If you’re growing asparagus from seeds instead of cuttings, be sure to plant them in early spring after all danger of frost has passed. Sow the seeds at a depth of 1/4 inch in moist, well-draining soil. Keep them consistently moist and be patient; it may take up to two years before you see any results.

Best Care Guide For Asparagus

Moist Soil & Potting Mix

When growing asparagus from cuttings, it is important to keep the soil consistently moist. Transplanted cuttings will quickly dry out, so water regularly and deeply. Avoid over-watering, which can lead to rot or disease.

Full Sun

Asparagus should receive at least 6 hours of full sun every day to thrive. When grown from cuttings, it requires full sun for the best growth and production.


Asparagus grows best when the temperature is between 60⁰F and 70⁰F. Cuttings should be kept in similar conditions, ideally at room temperature with little fluctuation during the day or night.

Feeding & Fertilizing

Cuttings will need a good amount of fertilizer to grow well so that they can produce a healthy harvest of asparagus spears.

A balanced organic fertilizer like compost tea is ideal for this purpose, but you can also use another type of fertilizer if necessary. For best results, apply fertilizer regularly according to the manufacturer’s instructions.


Asparagus thrives in humid conditions, especially when it is grown from cuttings. If you live in a dry environment, you can mist the soil or container regularly to help raise the humidity around your plant and keep it healthy and happy.

Watering Frequency

Because asparagus grows best in moist soil, you should water it regularly. The amount and frequency will depend on the size of the plant, the weather conditions, and your planting method. Generally speaking, water when the top inch of soil appears dry to the touch.

Transplant & Hardening Off

If you’re growing asparagus from cuttings in a container, you will need to transplant it and harden it off before you put it outside. Use a pot that is at least 6 inches wide so the roots have plenty of space to grow.

Transplant your asparagus into the container when it’s about 3 inches tall, or whenever it has developed several sets of leaves. Place the container in a sunny spot and water regularly.

Gradually introduce it to outdoor conditions by bringing it outside during the day and bringing it back inside at night. Once the plant is fully hardened off, you can leave it outside all the time.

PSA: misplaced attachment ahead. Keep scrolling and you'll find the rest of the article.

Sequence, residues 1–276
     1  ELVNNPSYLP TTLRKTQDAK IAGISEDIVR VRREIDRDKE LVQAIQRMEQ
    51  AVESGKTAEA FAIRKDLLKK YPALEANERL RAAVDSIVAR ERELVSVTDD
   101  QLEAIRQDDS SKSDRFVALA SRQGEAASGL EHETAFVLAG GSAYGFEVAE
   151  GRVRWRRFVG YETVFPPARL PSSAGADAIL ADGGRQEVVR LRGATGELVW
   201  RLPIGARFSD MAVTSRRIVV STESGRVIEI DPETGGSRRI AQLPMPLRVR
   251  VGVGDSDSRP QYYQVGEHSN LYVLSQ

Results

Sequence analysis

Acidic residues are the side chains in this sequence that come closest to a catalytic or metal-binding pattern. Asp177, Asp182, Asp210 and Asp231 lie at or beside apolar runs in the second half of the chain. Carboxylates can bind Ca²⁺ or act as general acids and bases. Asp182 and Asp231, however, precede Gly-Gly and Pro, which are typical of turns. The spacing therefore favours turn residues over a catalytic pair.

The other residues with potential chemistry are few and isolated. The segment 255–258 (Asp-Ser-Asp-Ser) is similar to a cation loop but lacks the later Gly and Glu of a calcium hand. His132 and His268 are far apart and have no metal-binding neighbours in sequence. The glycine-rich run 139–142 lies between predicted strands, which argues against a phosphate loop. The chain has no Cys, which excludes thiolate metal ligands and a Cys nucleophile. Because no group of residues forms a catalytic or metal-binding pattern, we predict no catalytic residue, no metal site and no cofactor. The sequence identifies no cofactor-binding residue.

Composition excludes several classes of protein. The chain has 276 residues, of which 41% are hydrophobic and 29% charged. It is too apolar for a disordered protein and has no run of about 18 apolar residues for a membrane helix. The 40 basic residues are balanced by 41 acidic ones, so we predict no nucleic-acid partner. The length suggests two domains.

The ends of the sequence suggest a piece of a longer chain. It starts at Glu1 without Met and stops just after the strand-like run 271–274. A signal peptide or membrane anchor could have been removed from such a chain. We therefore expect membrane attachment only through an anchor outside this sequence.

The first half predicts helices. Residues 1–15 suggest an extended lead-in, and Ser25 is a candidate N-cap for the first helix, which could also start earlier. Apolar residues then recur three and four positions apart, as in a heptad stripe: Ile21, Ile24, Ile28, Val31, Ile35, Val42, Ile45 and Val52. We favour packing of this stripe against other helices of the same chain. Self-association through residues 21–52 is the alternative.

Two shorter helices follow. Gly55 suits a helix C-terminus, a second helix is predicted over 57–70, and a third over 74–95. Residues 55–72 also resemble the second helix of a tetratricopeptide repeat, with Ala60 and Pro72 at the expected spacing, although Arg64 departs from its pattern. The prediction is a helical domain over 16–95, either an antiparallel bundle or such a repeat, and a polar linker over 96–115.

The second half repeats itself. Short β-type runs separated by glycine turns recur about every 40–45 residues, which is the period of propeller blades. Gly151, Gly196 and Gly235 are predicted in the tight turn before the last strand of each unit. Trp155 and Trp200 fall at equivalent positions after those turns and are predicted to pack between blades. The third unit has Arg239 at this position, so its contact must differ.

If you’re growing asparagus from cuttings in the ground, you will not need to harden it off or transplant it.

Simply place your cutting in the soil and keep it well-watered until you see signs of rooting. Once your cutting has rooted, you can care for it as you would any other asparagus plant.

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Common Problems With Asparagus

Pest & Disease Control

Asparagus is susceptible to several pests and diseases, including rust, fusarium wilt, aphids, cutworms, and asparagus beetles.

The best way to control these issues is through regular monitoring and treatment. Remove any infected plants right away and use organic pesticides or insecticides if necessary.

Leggy Stems

If your asparagus plants are leggy, meaning they have long and spindly stems, it may be a sign of low light or nutrient deficiencies. You can address this problem by transplanting the plant to a sunnier location and fertilizing regularly.

Overgrown Plants

Asparagus is ready for harvest in about 2 to 3 years, but some plants can become overgrown and unattractive if left to their own devices. To prevent this from happening, regularly cut back the stems as needed to keep your plant looking tidy and healthy.

How to Grow Asparagus From Seeds?

If you want to grow asparagus from seeds, the process is a bit more complicated than simply taking cuttings.

You will need to start the seeds indoors several months before your last frost date, and then transplant them into your garden once all danger of frost has passed.

To get started, sow your seeds in a pot or seed tray filled with moist soil. Place the container in a sunny spot and keep it well-watered until the seeds germinate.

Once they have grown into seedlings, you can transplant them into your garden and care for them as usual.